Javel Welch, a Nassau County correction officer, was arrested after a narcotics dog detected drug residue on his belongings as he arrived for work at the jail in East Meadow, prosecutors said. NewsdayTV's Cecilia Dowd reports. Credit: Newsday/Newsday Staff

A Nassau County correction officer was arrested on charges of smuggling contraband into the jail in East Meadow after a narcotics dog detected drug residue and investigators found a cellphone on him as he arrived for work Wednesday, prosecutors said.

Javel Welch, 38, of West Hempstead, pleaded not guilty to charges of promoting contraband and failing to safely store a firearm at his arraignment before Nassau County District Court Judge Jaclene Agazarian Thursday.

He was arraigned on one count of first-degree promoting prison contraband, a felony, and one count of second-degree promoting prison contraband and one count of first-degree failure to safely store rifles, shotguns and firearms, both misdemeanors.

Nassau County prosecutors said K2 drug residue was detected on a Bible Welch was carrying in a backpack, which also contained a cellphone, which is prohibited at the jail. K2 is a synthetic cannabinoid the district attorney said is often referred to as "spice."

Defense attorney Cheryl Bartow said her client denies the allegations.

“There was some sort of a dog hit on him and [internal affairs was] brought in to speak to him.” Bartow said. “He seemed cooperative with internal affairs and gave consent to search. He adamantly denies [ the charges].”

Bartow said Welch got the Bible from his mother.

Nassau County District Attorney Anne Donnelly said cellphones in the hands of inmates can hinder investigations and be used to harass victims and orchestrate gang activity.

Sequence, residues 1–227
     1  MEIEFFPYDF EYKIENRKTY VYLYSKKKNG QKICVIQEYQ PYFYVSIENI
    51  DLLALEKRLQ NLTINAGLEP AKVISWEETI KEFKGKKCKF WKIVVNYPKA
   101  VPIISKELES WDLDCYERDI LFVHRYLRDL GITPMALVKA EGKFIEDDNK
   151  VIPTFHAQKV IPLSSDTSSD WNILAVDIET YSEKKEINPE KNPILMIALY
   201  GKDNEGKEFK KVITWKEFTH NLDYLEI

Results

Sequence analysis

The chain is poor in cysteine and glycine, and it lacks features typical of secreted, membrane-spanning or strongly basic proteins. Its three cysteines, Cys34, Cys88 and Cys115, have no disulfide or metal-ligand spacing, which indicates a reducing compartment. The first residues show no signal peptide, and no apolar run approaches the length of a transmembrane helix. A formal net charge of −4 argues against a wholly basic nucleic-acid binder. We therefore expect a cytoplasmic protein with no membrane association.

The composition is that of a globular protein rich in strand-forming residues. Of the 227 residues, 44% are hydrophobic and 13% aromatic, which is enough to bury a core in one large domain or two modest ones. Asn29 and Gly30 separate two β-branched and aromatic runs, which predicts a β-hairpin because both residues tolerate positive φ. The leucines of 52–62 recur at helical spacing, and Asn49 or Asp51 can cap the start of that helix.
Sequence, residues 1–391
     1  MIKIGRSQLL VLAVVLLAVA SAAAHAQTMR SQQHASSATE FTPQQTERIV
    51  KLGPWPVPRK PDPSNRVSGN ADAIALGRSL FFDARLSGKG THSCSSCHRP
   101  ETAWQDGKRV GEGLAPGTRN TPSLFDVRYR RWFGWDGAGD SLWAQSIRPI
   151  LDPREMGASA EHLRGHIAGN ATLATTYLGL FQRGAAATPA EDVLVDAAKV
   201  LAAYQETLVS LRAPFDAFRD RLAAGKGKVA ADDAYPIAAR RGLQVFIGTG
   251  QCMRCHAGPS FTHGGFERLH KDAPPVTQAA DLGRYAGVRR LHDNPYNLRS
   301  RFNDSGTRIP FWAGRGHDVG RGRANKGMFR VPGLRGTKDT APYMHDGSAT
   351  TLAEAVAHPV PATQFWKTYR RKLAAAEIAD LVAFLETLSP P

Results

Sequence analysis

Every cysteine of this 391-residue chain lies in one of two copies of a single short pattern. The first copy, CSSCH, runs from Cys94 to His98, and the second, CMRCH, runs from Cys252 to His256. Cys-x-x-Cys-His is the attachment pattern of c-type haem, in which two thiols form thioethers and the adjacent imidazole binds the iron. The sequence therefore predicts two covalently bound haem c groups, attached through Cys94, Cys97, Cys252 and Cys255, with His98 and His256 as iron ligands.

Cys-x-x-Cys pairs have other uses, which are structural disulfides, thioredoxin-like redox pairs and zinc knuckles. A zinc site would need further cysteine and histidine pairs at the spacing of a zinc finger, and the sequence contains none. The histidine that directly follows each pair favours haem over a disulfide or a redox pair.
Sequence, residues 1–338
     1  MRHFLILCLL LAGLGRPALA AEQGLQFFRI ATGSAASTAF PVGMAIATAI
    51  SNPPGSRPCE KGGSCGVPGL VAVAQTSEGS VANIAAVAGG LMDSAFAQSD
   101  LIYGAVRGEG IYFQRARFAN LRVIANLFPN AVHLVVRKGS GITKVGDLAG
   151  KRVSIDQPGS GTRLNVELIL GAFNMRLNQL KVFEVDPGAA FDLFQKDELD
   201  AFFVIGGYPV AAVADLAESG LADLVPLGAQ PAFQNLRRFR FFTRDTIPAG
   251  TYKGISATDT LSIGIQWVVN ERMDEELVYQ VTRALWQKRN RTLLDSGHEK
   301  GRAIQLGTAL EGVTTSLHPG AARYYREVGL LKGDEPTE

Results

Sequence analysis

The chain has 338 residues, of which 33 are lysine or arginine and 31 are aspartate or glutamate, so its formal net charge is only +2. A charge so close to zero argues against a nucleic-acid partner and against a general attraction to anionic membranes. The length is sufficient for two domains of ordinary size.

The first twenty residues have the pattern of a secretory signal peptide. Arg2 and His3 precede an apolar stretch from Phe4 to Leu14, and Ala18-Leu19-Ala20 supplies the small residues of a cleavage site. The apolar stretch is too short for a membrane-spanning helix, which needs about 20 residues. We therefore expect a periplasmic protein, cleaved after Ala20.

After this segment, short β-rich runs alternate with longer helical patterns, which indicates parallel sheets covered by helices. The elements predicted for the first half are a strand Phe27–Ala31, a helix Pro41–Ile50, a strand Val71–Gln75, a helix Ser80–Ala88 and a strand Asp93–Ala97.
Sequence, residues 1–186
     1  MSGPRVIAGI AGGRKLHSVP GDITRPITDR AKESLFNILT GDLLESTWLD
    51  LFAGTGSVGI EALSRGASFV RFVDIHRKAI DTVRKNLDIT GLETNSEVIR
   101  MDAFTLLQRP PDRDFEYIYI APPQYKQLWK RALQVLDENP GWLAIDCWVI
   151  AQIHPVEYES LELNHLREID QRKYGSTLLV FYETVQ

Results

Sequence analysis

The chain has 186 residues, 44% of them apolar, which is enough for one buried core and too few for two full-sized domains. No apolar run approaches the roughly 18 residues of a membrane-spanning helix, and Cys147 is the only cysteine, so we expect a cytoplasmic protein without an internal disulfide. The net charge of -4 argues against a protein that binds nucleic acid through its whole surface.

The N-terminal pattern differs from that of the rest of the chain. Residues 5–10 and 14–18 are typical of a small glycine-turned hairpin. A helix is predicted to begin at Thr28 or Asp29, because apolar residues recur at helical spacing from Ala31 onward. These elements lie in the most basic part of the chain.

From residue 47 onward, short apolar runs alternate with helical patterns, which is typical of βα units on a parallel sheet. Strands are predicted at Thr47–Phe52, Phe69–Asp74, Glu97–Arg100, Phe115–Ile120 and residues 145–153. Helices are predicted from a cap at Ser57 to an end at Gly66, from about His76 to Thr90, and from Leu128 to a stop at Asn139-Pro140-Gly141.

“The presence of cellphones and drugs can spark fights and medical emergencies in the correctional facility center,” she said.

The district attorney said there has also been an increase in the jail of inmates rolling up Bible pages containing drug residue and smoking them. The type of Bible Welch had in his possession was the type sold in the commissary, she said.

Welch's arrest comes after the recent deaths of two inmates of suspected drug overdoses.

Donnelly declined to say if the investigation into Welch was related to ongoing probes into the overdose deaths at the jail. 

“I don’t want to comment on investigative tactics, but we had an overdose in the jail a few short weeks ago and we are following every lead from that case,” she said. 

Ray Digiacomo, 45, of Bethpage, was discovered unconscious inside his cell at 12:15 a.m. March 1 and pronounced dead one hour later at a hospital, Nassau County police said. While police at the time did not share a cause of death, a Donnelly spokesperson said Digiacomo was the death she was referring to.

In November, Nikita Pertsev, 29, of Brooklyn also died of a fatal overdose at the jail, county officials said at the time.

Donnelly said Welch began his career as a correction officer in April 2022 and is still a probationary employee. Nassau County Executive Bruce Blakeman said his employment "has been immediately terminated."

"If the allegations are true, this individual put the safety of his fellow correction officers in jeopardy as well as the prison population and surrounding community," Blakeman said in a statement.

When internal affairs investigators searched Welch's vehicle, they found a fully loaded service weapon left unsecured, leading to the gun charge, officials said.

The weapon was a semiautomatic Glock 19 pistol found in the center console of his 2023 white Jeep Cherokee, charging documents show.

Family members declined to comment as they left the courtroom, Welch’s face covered by a jacket as he was guided away.

 "He's a good young man. No further comment," said Pastor Russell James Davenport, who accompanied Welch's family to court.

Welch is due back in court April 6. If convicted of the top charge, Welch faces a potential maximum of 2 1/3 to 7 years in prison, prosecutors said.

A 2021 Newsday special report revealed Nassau officials seized contraband at the county jail 237 times during a 45-month period between 2016 and summer 2019. 

With Cecilia Dowd

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